previous next
[383] plan, and disclose the sham we were attempting to impose on the enemy. Thus things continued till the third or fourth day, when a reconnoissance in force, preceded by a line of skirmishers, issued from the Federal lines, and advanced on the Petersburg road. I was informed at that time by a gentleman, a resident of the neighborhood, that some colored troops had visited in the vicinity of their camp, and had been told by the negroes of the insignificant nature of my force, and the true condition of affairs, and this reconnoissance had been sent to find out the truth. My men had been broken into several small parties, and scattered along the enemy's front. With one of them I fell back before the skirmishers until we reached the point at which the railway and the highway crossed. There I halted my party and allowed the skirmishers to approach near, the consequence of which was that my horse was fatally wounded in the head. But I was soon mounted on another and resumed the retreat. While we were passing through a body of woods, or rather as we were emerging from it, it was discovered that a detachment of cavalry had been thrown in advance of the skirmishers, and were making a dash at us. A hot chase ensued, but we passed safely into the Southern lines, which had been established at no great distance ahead of us. A round of our musketry emptied several saddles, and compelled a disorderly retreat. My little command never reassembled, but the object had been achieved. When I went to report to General Pickett he received me cordially, and was well pleased with his game of bluff with General Butler. But for this bold conception of Pickett's, Petersburg would have been occupied, Richmond isolated, the catastrophe accelerated, and General Butler would have been the hero of the war. It was his object to cut the railroad, as was proved by his attack at Port Walthall Junction, where he was repulsed by the gallant Haygood, as well as by the unsuccessful attempt of Cantz's Cavalry Division to the south of the town. Had General Butler been informed of the condition of things, a richer prize was within his grasp, and fair Petersburg, like another Helen, would have yielded herself his captive. This was my only contact with Pickett's men during the bloody war. Soon after I was ordered to take command of the troops stationed for the defense of the High Bridge.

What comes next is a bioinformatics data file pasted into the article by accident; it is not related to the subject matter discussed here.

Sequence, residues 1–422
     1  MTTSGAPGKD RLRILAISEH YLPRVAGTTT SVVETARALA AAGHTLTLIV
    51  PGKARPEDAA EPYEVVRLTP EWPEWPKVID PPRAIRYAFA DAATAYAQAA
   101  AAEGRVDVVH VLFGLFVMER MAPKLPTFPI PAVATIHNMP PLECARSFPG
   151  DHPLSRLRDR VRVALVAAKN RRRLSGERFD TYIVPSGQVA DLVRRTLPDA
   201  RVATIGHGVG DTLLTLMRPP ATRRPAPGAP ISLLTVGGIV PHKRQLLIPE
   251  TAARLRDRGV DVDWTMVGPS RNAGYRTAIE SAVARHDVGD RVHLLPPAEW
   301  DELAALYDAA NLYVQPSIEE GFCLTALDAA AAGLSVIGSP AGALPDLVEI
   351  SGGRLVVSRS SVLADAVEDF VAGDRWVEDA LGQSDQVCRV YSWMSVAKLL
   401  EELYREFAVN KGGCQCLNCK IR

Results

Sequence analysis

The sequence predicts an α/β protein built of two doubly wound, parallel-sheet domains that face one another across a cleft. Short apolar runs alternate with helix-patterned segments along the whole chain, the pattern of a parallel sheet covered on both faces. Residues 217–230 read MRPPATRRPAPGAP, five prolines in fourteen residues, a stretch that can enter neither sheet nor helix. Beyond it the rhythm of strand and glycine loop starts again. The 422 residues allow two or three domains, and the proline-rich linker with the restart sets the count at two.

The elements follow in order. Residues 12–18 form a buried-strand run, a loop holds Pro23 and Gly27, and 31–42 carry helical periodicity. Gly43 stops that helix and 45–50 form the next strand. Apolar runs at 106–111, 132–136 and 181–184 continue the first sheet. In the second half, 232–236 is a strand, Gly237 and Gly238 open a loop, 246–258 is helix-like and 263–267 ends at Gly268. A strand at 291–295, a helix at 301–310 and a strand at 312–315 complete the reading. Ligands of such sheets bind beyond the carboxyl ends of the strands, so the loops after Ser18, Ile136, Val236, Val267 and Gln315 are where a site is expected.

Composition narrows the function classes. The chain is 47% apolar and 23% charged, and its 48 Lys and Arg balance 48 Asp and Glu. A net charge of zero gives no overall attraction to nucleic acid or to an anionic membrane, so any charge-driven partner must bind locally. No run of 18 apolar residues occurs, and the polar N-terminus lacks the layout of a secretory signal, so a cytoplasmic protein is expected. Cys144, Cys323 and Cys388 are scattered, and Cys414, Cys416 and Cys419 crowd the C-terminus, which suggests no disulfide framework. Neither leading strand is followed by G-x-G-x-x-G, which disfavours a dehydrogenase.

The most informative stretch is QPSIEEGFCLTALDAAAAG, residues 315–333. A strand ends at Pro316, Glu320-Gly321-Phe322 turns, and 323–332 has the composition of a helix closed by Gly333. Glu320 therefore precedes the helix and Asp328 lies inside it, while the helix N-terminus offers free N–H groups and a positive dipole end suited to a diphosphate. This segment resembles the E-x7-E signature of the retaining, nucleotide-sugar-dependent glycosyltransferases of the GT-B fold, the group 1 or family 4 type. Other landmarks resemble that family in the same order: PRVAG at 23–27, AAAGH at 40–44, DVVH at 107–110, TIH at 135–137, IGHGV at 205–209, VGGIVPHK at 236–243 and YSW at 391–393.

Creative Commons License
This work is licensed under a Creative Commons Attribution-ShareAlike 3.0 United States License.

An XML version of this text is available for download, with the additional restriction that you offer Perseus any modifications you make. Perseus provides credit for all accepted changes, storing new additions in a versioning system.

hide Places (automatically extracted)

View a map of the most frequently mentioned places in this document.

Sort places alphabetically, as they appear on the page, by frequency
Click on a place to search for it in this document.
Petersburg, Va. (Virginia, United States) (3)

Download Pleiades ancient places geospacial dataset for this text.

hide People (automatically extracted)
Sort people alphabetically, as they appear on the page, by frequency
Click on a person to search for him/her in this document.
George E. Pickett (3)
M. C. Butler (3)
hide Display Preferences
Greek Display:
Arabic Display:
View by Default:
Browse Bar: